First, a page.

The author crafted a truly beautiful, heartbreaking, and emotionally complex narrative. The balance struck between historical fiction and romance was eloquently written here, as the author brought enough of the historical setting and events happening around the cast of characters into their daily lives without sacrificing the personal conflicts or intimate developments that they made with one another. The concept of two very opposed sides of a bloody conflict such as this coming together to find common ground is something which feels more relevant than ever in our modern age, and the ability of the author to showcase all of the underlying causes of the conflict, and the lies and illusions that many average soldiers fell under from their leadership in the war made this story so fascinating to read. 

This is the perfect read for those who enjoy romantic stories, especially those set in a historical fiction setting and who enjoy, in particular, stories surrounding the American Civil War. As a fan of history, I was fascinated with the authors ability to get into each side’s perspective so equally and bring the setting and tone of the era to life so 

naturally, especially without sacrificing the natural character growth and story beats overall. Powerful, thought-provoking, and entertaining, author J.D.R. Hawkins’s A Rebel Among Us: A Novel of the Civil War is the perfect historical fiction romance novel and a great new book in the A Renegade Series franchise. The rich dynamics that are presented between David and Anna especially are great to see, and how these very different groups of people find a way to work through their differences and find common ground in an era filled with untold violence and hatred is amazing to read.

Excerpt from Double-Edged Sword

I’m very excited about my new book, Double-Edged Sword, and I wanted to share an excerpt from the novel. This is from the first chapter. It will give you an idea of what it must have been like to see the South after the Civil War ended.

Excerpt from Double-Edged Sword

He turned and drove several blocks, trying to recall the direction of the house where he had stayed on his first night away from home. Everything appeared so different, and bluecoats were everywhere, swarming like flies. Down the street, a row of sutlers’ shops had been erected for the benefit of the Union troops. The newlyweds turned a corner and continued on, past structures that were once beautiful homes, but now sat empty, the glass in their windows shattered, their walls crumbling. Tent cities and clapboard structures cluttered vacant lots. Some of the boards were still adorned with wallpaper, an obvious declaration that the walls had been torn from citizens’ private dwellings. David recognized a two-story house, even though the paint was peeling around the window frames and the yard was filled with knee-high weeds.

“This is it?” Anna asked. “It isn’t quite how you described it.”

“It ain’t how I remember it, either,” he said.

He jumped down and tied the mule, then assisted his wife. They climbed the steps together. David tapped on the door. The brass knocker that had been there before was gone; holes from the bolts that had held it in place were all that remained. There came no response, so after a few moments, he tapped again.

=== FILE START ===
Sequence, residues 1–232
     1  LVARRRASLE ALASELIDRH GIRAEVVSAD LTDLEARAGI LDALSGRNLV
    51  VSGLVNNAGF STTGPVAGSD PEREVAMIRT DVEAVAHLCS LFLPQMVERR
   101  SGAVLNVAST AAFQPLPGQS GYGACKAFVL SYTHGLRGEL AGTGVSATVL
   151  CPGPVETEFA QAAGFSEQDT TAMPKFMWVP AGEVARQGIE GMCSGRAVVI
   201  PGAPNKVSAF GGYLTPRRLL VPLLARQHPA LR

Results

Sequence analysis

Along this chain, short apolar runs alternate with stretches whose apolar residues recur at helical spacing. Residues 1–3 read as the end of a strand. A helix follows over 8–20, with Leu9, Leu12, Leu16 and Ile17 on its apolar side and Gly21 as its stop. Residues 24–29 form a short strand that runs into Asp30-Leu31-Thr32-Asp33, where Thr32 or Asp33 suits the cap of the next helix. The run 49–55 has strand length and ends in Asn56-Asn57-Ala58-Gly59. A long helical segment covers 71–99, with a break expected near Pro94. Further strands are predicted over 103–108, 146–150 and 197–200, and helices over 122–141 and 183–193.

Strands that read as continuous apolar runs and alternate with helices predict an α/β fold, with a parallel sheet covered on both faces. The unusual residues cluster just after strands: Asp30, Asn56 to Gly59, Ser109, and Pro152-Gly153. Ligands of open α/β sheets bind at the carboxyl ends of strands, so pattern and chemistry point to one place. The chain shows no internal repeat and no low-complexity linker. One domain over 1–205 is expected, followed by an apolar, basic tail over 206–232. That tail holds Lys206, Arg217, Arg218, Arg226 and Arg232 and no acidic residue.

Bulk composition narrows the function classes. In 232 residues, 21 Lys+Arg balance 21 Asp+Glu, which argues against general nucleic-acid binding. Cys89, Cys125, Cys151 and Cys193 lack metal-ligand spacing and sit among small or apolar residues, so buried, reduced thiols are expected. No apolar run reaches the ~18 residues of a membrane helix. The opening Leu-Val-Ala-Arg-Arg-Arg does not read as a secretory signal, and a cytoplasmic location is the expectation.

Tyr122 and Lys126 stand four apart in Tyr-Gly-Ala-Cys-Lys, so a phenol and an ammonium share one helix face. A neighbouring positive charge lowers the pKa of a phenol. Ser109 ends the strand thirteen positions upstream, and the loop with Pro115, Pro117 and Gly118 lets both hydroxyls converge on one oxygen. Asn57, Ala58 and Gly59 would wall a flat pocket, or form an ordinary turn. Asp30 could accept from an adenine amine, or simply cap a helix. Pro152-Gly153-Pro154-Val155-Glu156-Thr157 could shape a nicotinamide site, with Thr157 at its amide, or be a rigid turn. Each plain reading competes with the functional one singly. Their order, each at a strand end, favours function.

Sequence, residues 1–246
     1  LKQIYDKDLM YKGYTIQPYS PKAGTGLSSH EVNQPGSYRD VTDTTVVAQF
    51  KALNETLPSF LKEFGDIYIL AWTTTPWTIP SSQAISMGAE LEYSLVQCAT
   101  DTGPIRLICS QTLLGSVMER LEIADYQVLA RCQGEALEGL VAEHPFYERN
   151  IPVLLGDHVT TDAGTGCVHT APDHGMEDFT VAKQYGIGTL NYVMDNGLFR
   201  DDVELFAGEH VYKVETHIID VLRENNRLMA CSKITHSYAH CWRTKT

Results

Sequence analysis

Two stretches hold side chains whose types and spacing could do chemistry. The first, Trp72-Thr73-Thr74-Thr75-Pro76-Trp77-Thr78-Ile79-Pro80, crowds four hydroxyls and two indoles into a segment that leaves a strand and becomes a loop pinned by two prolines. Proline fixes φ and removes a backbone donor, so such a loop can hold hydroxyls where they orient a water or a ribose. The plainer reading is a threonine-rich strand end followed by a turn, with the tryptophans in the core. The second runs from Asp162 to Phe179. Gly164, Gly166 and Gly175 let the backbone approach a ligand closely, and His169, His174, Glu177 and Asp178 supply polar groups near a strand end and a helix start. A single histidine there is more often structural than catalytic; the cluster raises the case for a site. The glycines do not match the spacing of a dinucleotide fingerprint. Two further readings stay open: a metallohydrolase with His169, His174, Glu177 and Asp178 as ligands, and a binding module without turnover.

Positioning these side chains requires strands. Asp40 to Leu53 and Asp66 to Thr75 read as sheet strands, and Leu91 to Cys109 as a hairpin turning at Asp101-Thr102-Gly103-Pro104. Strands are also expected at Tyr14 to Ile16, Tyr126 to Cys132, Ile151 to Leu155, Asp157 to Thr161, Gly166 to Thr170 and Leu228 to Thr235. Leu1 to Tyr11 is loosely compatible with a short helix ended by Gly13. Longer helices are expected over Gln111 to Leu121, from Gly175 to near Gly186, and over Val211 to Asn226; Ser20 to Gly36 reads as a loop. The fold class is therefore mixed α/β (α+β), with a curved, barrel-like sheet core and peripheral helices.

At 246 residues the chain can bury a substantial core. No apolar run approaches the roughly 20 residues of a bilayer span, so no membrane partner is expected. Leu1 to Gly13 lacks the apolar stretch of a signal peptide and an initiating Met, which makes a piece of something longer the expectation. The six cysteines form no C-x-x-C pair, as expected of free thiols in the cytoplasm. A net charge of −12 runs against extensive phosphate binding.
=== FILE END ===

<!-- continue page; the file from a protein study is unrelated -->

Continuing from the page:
“Last time I was here, she had a butler. Tall black feller, name of … Henry.” David nodded as he recalled. “He didn’t take to us much.” He flashed Anna a grin.

“He’s long gone by now, no doubt,” she said.

David tapped once more, but still no response came, so he tried the knob. The door stuck in the jam at first, but then creaked loudly on its hinges.

“Do you think we should go in there?” asked Anna.

He stepped inside. The long hallway was as dark as he remembered, but the lavish paintings that had adorned the walls were missing. Anna followed him down the hall to a large room that was empty except for a solitary wooden stool that squatted in the center. The ornate draperies David remembered had been ripped down, and a transparent gauze sheet had been draped across the broken windows in an attempt to keep insects out. The fireplace stood dark and empty, and the tapestries David remembered seeing were all gone, along with the furniture and knick knacks.

“I don’t think anyone’s here,” Anna whispered.

David walked to the window and looked outside. The back of the house was just as neglected as the front, and the stable doors yawned open with a passing breeze. There was nothing inside. He heard a thump and reeled around to see a small man standing behind Anna. She turned and gasped at the same time before rushing to her husband.

“Can I be of service to y’all?” the man asked feebly.

“Josiah?” David said, taking a step closer. “Is that you?”

The little man held his hand out to him. “That would be me. How may I help y’all?”

“Don’t you remember me?” asked David, trying to keep his voice quiet. “I’m David Summers. I came here with my friend, Jake Kimball. We met on the train from Huntsville, remember?”  

The man didn’t seem to recall, so David went on.

“Your wife, Miss Martha, she had us stay the night. And her sister was here. Miss Mattie?”

“When did you say this was?” The old man shuffled to the wooden stool and sat down.

“It was in April of sixty-three. We were on our way to jine up with Jeb Stuart.”

The words seemed to register. Josiah looked up and smiled. “Yes. Yes! I believe I do remember you!” He stood up and vigorously shook David’s hand.

“This here’s Anna, my wife,” he introduced.

She stepped toward him. “Sir,” she said, taking his bony little hand in both of hers.

“Where’s Miss Martha? I’d surely like to see her.” David chuckled. “She made me promise to stop by the next time I was in town.”

The smile vanished from Josiah’s furrowed face. Suddenly, he looked very old. “She’s gone,” he said flatly.

“Where did she go?” Anna inquired.

Josiah sank back down onto the stool. “She left me … when the Yankees came. She got so upset with the occupation that one day, she …” His voice trailed off.

David exchanged glances with his wife. “She what, Josiah?”

He looked up at them, his eyes filled with grief. “She took the pistol out from under the mattress … and put it to her head.”

“Dear God!” exclaimed David.

Anna’s mouth dropped open.